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Windows clock gradually becomes delayed

post #1 of 31
Thread Starter 
So I have a WMC machine serving up extenders for my parents. It's headless, so very little can go wrong. Unfortunately, after several months the clock becomes wrong. This causes them to miss the first few minutes of recordings. Does this happen to anyone else? It's set to automatically synchronize, so I'm not sure what the problem is.
post #2 of 31
It happens to everyone just about. Windows doesn't update the system clock enough to be accurate for PVR use.

It was just discussed earlier today and funny thing I was checking my logs just yesterday to verify some things. Anyhow, take a look here. I did this about a year ago and my clock has been right on since. It is a pretty easy fix too.
post #3 of 31
Yes! I followed this to get it to not have this issue: http://www.pretentiousname.com/timesync/index.html
post #4 of 31
I have a very similar problem with my HTPC. It is attached to an A/V receiver then to the TV. And there are two Ceton Echo extenders network attached to the HTPC. It has been running about 30 seconds or more behind the clock on the cable company's DVR, resulting in recordings starting a little late.

I had manually updated the HTPC (Windows 7) clock a few days ago to match the cable company DVR clock display, but a couple of days later it was back to being 30 or 40 seconds slow.

Yesterday I changed the Internet Time Server (to time.nist.gov) that the Windows clock synchronizes with to see if that helps. Will check again in a few days to see if that has really fixed the problem.
post #5 of 31
post #6 of 31
Quote:
Originally Posted by StardogChampion View Post

Yes! I followed this to get it to not have this issue: http://www.pretentiousname.com/timesync/index.html

 

I did the same. Works great.

Just follow the directions CAREFULLY.

post #7 of 31
Thread Starter 
Quote:
Originally Posted by LastButNotLeast View Post

I did the same. Works great.
Just follow the directions CAREFULLY.

Thanks for the help anyone. Unfortunately I'm stuck at the "Set the new task to run as the LOCAL SERVICE user" part. I don't see that as an option.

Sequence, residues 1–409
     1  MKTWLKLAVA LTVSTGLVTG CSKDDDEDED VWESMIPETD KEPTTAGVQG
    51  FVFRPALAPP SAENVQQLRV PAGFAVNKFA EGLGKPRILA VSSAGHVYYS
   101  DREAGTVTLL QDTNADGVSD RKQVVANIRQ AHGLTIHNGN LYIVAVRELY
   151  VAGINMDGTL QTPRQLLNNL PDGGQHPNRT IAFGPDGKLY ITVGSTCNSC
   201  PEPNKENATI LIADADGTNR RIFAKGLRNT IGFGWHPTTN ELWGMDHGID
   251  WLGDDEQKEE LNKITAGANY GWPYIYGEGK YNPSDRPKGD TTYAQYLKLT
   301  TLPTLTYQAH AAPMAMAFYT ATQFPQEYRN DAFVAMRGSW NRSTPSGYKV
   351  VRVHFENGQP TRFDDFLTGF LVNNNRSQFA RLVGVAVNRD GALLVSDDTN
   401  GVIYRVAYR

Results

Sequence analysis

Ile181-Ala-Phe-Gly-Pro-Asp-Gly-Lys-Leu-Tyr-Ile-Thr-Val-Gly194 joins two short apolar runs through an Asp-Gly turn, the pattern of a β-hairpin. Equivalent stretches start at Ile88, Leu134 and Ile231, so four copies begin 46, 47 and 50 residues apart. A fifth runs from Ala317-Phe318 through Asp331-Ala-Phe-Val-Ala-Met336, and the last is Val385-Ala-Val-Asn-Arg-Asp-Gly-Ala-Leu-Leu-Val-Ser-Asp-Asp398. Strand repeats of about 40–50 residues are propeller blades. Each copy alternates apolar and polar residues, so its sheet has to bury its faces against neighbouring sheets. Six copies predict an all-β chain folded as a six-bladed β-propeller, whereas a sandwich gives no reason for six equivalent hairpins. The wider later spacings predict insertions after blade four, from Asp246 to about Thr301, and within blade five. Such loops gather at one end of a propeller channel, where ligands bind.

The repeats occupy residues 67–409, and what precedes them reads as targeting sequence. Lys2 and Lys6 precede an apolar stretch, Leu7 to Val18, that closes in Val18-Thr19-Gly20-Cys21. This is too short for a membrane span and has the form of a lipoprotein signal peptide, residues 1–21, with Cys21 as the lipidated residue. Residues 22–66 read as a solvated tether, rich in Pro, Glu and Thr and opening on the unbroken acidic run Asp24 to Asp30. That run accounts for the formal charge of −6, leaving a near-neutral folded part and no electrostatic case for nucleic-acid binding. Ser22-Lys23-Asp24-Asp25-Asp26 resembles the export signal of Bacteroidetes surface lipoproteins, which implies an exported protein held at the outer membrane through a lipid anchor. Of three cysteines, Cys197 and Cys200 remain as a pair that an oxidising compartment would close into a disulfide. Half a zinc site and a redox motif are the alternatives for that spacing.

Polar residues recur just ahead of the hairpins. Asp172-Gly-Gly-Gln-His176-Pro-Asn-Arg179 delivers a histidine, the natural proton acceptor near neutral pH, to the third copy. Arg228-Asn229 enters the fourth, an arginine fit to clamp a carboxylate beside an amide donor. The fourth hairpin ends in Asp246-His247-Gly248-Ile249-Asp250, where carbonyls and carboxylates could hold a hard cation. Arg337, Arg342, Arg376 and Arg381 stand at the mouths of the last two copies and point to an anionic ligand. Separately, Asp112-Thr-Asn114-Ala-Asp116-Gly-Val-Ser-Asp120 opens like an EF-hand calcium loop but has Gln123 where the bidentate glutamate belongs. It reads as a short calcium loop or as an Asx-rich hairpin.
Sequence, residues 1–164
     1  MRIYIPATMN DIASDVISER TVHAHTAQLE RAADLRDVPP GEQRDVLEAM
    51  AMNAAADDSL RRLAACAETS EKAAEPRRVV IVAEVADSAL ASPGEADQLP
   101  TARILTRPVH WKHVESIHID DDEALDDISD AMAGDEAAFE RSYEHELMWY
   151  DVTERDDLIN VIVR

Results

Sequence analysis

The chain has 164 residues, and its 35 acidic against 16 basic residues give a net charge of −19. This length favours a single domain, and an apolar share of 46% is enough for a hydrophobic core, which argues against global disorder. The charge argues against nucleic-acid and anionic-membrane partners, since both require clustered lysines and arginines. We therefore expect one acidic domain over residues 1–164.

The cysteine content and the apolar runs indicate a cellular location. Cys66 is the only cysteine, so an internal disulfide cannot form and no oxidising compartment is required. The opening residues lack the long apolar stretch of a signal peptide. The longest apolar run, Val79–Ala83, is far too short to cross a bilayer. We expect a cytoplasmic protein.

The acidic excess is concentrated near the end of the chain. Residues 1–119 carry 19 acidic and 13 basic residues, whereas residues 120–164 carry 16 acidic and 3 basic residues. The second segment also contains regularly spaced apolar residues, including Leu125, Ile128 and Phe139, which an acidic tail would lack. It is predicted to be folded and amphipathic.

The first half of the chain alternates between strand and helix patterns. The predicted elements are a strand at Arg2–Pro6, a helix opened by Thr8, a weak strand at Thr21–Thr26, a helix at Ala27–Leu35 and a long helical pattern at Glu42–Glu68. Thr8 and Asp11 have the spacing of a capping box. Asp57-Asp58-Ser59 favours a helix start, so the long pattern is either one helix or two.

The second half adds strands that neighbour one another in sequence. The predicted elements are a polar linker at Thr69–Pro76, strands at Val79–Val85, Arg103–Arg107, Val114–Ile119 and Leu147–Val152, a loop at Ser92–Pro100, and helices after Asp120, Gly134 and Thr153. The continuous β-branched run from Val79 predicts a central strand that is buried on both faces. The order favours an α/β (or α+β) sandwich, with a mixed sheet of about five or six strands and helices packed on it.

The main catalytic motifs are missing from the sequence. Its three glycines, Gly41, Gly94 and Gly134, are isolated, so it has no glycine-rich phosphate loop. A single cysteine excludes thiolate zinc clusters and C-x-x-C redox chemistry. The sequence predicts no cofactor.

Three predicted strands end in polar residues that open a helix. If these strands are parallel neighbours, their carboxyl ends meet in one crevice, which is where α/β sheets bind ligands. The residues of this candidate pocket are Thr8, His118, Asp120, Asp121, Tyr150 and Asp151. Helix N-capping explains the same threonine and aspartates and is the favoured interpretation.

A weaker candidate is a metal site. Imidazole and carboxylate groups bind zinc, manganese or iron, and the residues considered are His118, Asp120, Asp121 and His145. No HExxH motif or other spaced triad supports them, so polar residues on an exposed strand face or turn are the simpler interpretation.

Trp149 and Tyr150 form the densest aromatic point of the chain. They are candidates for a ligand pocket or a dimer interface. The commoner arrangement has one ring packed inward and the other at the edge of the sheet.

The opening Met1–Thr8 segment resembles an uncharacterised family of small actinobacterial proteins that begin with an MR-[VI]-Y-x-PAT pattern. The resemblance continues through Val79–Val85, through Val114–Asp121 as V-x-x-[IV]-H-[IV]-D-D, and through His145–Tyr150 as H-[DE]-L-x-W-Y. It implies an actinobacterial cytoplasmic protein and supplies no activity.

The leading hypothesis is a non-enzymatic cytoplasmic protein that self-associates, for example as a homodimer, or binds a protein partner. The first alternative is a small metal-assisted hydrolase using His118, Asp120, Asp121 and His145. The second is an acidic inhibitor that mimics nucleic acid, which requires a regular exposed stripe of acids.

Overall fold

post #8 of 31
Download nistime-32bit.exe from here http://www.nist.gov/pml/div688/grp40/upload/nistime-32bit.exe.

Set up a scheduled job to run this command every few hours (or more frequently as required):
nistime-32bit.exe once quiet
post #9 of 31
Quote:
Originally Posted by gazebo View Post

Download nistime-32bit.exe from here http://www.nist.gov/pml/div688/grp40/upload/nistime-32bit.exe.

Set up a scheduled job to run this command every few hours (or more frequently as required):
nistime-32bit.exe once quiet

You can do that too.
post #10 of 31
Quote:
Originally Posted by lockdown571 View Post

Thanks for the help anyone. Unfortunately I'm stuck at the "Set the new task to run as the LOCAL SERVICE user" part. I don't see that as an option.

Instead try clicking "Advanced" and then "Find Now" in the pop up window that appears.

It might be NT AUTHORITY \ LOCAL SERVICE
post #11 of 31
Quote:
Originally Posted by lockdown571 View Post


Thanks for the help anyone. Unfortunately I'm stuck at the "Set the new task to run as the LOCAL SERVICE user" part. I don't see that as an option.

 

IIRC, that took me a while to figure out, too. I think you just need to type "LOCAL SERVICE," just like it appears in the example window.

post #12 of 31
Thread Starter 
Haha, I typed in LOCAL SERVICE and when I saw "NT AUTHORITY \ LOCAL SERVICE" I got nervous. I guess that was the right thing to do. Thanks!
post #13 of 31
I use Dimension 4. It runs in the background so I never see it and I have it set up to sync every 24 hours. It uses less than 1MB of ram and no cpu. They have a million different servers to choose from, although the default works fine. It's an old program that hasn't been updated in years but it still works.

http://www.thinkman.com/dimension4/
post #14 of 31
After you save the scheduled task, it will show as simply "LOCAL SERVICE".. got to love Windows.
Quote:
Originally Posted by lockdown571 View Post

Haha, I typed in LOCAL SERVICE and when I saw "NT AUTHORITY \ LOCAL SERVICE" I got nervous. I guess that was the right thing to do. Thanks!
post #15 of 31